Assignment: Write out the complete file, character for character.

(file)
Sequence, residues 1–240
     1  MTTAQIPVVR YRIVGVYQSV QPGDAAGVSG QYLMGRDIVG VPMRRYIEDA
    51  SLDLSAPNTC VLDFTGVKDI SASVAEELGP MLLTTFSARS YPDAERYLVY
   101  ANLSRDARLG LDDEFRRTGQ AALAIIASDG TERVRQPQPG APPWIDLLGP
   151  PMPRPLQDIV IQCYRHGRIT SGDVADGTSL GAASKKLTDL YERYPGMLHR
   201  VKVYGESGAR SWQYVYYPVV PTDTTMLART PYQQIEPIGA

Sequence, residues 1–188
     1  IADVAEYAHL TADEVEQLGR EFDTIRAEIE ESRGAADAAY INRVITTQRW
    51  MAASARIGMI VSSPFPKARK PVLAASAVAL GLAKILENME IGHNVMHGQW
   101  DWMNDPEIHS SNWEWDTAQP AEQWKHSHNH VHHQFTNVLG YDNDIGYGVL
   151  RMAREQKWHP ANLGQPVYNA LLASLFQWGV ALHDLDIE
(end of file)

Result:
Sequence, residues 1–240
     1  MTTAQIPVVR YRIVGVYQSV QPGDAAGVSG QYLMGRDIVG VPMRRYIEDA
    51  SLDLSAPNTC VLDFTGVKDI SASVAEELGP MLLTTFSARS YPDAERYLVY
   101  ANLSRDARLG LDDEFRRTGQ AALAIIASDG TERVRQPQPG APPWIDLLGP
   151  PMPRPLQDIV IQCYRHGRIT SGDVADGTSL GAASKKLTDL YERYPGMLHR
   201  VKVYGESGAR SWQYVYYPVV PTDTTMLART PYQQIEPIGA

Sequence, residues 1–188
     1  IADVAEYAHL TADEVEQLGR EFDTIRAEIE ESRGAADAAY INRVITTQRW
    51  MAASARIGMI VSSPFPKARK PVLAASAVAL GLAKILENME IGHNVMHGQW
   101  DWMNDPEIHS SNWEWDTAQP AEQWKHSHNH VHHQFTNVLG YDNDIGYGVL
   151  RMAREQKWHP ANLGQPVYNA LLASLFQWGV ALHDLDIE